All Hail Hail

Hail doesn't think about who has been good and who has been bad. Hail may decide to wipe out your neighbor's fields, but leave yours untouched, or vice versa. There seems to be no rhyme or reason for where hail hits and how much damage it does. Sometimes it's a benevolent God and other times a wrathful one.

We've been fortunate this year. Hail has wiped out friend's gardens in Lewistown and ripped through greenhouse plastic and shattered windows in Bozeman. Other areas in Montana have been hit just as hard. We avoided it until a few weeks ago when it started to hail and all I could do was pray that the teeny-tiny ice balls bouncing on the ground didn't get any bigger or come down harder. Thankfully, they didn't.

Ice ball daintily resting on a leaf.

A couple evenings ago, when our friends Patrick and Abby were visiting, we were standing outside our rental house in Conrad admiring the dark clouds swirling overhead when it started to rain...then hail...then hail harder...then hail larger. We all ran out to the car to drive to the farm, because as Court noted, if it's going to destroy our crops, we may as well get to watch it. We started to drive, but I got worried about the car's windshield, so we waited briefly under a tree before heading out to the farm. By the time we got there, the hail had stopped. The damage was thus: a few holes in a few leaves. Once again, we'd dodged a bullet. Or a few hundred thousand bullets. Thank you, God.

Bean leaf window.

Chard with more ventilation.

Weeds? What Weeds?

We've got weeds. Or, more accurately, the weeds got us. Most days it's too much for two people, or even three or four, depending on our help. Plus, we easily prioritize other things over weeding and this is the result:

The garlic. Yes, the garlic.

The garlic, after crawling, pulling, cursing.

Some beds are better than others, but nobody can ever say we don't grow a good crop of wild mustard, lambsquarter, and mallow.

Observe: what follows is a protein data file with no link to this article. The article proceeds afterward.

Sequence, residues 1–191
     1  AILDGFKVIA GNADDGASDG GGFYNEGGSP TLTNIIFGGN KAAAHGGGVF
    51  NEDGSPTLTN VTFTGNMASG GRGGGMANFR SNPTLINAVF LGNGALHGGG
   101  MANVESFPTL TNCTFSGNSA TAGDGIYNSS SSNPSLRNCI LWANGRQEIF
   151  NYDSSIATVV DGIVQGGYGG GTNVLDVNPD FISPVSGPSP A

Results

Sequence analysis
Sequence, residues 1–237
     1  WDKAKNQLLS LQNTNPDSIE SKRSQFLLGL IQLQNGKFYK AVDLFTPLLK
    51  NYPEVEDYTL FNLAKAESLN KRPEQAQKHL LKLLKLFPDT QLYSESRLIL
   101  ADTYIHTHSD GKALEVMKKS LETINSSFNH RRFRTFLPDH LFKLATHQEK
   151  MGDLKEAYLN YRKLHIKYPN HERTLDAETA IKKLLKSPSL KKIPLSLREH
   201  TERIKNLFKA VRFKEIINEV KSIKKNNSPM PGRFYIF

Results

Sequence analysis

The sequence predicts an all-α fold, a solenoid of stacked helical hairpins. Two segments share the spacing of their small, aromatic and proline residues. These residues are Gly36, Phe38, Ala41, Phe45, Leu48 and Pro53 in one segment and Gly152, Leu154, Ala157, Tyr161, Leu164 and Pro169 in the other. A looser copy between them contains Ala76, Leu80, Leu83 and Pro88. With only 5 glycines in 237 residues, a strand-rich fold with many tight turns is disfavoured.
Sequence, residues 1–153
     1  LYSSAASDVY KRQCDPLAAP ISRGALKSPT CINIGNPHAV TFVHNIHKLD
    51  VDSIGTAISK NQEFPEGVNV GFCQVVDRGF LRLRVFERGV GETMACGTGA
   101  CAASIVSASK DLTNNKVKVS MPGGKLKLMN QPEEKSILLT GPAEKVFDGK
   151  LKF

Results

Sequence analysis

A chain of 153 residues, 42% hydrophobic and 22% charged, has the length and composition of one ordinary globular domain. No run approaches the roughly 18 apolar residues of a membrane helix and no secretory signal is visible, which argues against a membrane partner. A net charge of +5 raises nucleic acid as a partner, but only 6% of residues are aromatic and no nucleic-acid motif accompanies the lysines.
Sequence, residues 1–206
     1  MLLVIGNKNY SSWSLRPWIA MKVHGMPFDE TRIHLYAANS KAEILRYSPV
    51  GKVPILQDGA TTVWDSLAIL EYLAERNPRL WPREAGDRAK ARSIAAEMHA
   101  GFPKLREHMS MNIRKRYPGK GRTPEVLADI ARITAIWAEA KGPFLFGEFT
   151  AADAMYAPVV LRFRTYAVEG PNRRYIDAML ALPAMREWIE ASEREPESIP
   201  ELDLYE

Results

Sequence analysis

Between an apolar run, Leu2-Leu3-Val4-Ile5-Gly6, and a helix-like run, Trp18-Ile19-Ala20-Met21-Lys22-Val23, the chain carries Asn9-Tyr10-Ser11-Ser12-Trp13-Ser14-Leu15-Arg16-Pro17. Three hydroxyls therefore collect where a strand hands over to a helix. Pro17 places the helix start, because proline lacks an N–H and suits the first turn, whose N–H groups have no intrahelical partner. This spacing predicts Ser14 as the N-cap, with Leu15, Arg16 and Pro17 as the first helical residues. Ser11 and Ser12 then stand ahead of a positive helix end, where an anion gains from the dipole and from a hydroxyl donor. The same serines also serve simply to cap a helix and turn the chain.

A July truck farm.

Field Crop Update

Just a quick field crop update.

I plowed down the peas yesterday evening. Despite the fact it looked like a field of mustard, I did plant peas and they were there underneath all that yellow. They hadn't yet flowered, but it was a matter of either waiting for them to flower (and maximize the amount of nitrogen they would fix) and let the mustard go to seed, or work the field before the mustard goes to seed and get whatever nitrogen the peas had fixed up until now. I chose the latter. There will still be some good nitrogen, and look at all that plant matter!

Disked peas.

The lentils are starting to flower. It's been cool recently, so we've been lucky. If heat hits while they're flowering, it'll be hard on the lentils.

Lentil flowers.

The Sonora wheat is tillering nicely.

Sonora wheat.

The barley is beginning to form heads. When you slice open the stalk, you can see the beginning stages.

Baby barley head.

A Shot in the Arm

Eric harvesting vegetables in his handy-dandy bullet-proof vest and combat helmet.

Our good friend Eric over at Groundworks Farm was shot yesterday while harvesting vegetables for his and his wife Audra's CSA members. Some idiots were "hunting" gophers (were they planning on eating them?) and apparently fired multiple shots with their semi-automatic .22 rifles into Eric and Audras' high tunnel. There were numerous people at the farm, including children, yet somehow the trigger-giddy failed to notice. The bullet entered and exited his arm around his elbow, luckily missing any nerves or bones. When I spoke to him this morning, he was out harvesting for farmers' market. Now there's a warrior.

Access to land, capital, equipment - beginning farmers face numerous obstacles. Dodging bullets and access to flak jackets certainly wasn't on my list.
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